A key difference between the Passivhaus standard and the Scottish (and rest of UK) building regulations is that Passivhaus is absolute while Building Regulations are relative.  

UK building regulations work by taking a house shape you want to build, calculating the annual energy use if that house was built following an approved specification (the notional house).  The specification for the house you build cannot be worse than the notional house.  

You can read more about how UK building regulations for energy work in this earlier post.

Buildings that minimise the ratio of their surface area to their inside volume are intrinsically more energy efficient than buildings with a high surface area to volume ratio.  Simple rectangles outperform complicated (but architecturally appealing) building forms with cross wings, porches, bay windows, dormer windows and the like.  Large buildings out perform smaller buildings on this measure too.  Linked buildings (terraced, semi-detached) outperform individual buildings.

Credit: BRE Passivhaus Designers Guide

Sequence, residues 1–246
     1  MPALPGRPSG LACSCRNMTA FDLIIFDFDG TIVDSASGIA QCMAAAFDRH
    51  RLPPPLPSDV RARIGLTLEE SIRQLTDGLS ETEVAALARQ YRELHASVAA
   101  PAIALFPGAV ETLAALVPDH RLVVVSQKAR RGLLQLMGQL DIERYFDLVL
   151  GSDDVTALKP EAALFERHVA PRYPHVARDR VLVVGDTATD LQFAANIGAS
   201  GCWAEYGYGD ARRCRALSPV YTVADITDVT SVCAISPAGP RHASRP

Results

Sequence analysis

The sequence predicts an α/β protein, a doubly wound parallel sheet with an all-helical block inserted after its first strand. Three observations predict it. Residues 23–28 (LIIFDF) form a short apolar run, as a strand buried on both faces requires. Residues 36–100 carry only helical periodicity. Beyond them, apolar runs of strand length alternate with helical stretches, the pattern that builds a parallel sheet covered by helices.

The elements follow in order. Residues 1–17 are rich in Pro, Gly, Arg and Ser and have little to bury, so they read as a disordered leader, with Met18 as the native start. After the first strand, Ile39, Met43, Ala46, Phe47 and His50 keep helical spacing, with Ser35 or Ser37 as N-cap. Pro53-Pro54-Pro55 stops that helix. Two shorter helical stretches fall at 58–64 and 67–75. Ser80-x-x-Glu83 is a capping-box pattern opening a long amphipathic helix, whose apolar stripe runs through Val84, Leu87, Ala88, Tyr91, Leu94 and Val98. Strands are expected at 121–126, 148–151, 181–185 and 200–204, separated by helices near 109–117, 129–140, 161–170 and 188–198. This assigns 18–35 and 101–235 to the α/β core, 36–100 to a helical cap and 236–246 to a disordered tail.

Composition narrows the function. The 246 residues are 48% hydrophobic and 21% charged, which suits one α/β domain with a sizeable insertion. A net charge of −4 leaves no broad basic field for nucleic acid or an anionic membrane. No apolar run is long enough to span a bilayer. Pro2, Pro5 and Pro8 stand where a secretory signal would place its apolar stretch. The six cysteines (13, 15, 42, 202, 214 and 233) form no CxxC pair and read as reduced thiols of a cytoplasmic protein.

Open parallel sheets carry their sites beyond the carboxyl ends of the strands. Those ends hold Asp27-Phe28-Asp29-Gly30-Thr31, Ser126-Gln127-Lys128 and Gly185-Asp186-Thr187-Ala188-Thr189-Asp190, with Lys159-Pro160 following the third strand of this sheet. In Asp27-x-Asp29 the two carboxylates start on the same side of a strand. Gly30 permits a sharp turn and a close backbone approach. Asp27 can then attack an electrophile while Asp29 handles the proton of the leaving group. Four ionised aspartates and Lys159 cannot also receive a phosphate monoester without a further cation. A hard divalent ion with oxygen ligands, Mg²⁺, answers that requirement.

Passivhaus rewards efficient building form because it is concerned with the absolute energy use, UK building regulations ignores building form because it compares the performance of that house design with a notional house of the same shape.

In terms of the resulting specification that might achieve the standard, the Passivhaus Institute estimates that for most cool-temperate climates

Walls, floors, roofs: A heat transfer coefficient (U-value) of 0.15 W/(m²K)

Windows:  U-value of 0.80 W/(m²K) 

The notional house specification for Scottish Building Regulations 2022 uses a U value of 0.15 for walls, 0.12 for floor, 0.09 for roofs and 1.2 for windows.   So with the exception of windows, Scotland will be building homes that already largely meet or exceed the specification, so long as building shape and orientation does not require higher levels.

Air permeability is 5m3/h.m2 in Scottish Building regulations notional house.  Taking a storey height of 3m, this translates into 1.67 air changes/hour.  To get to 0.6 air changes/hour will require a big improvement to an area that has proven to be challenging in the past, especially when building in volume with traditional methods rather than off-site manufacture.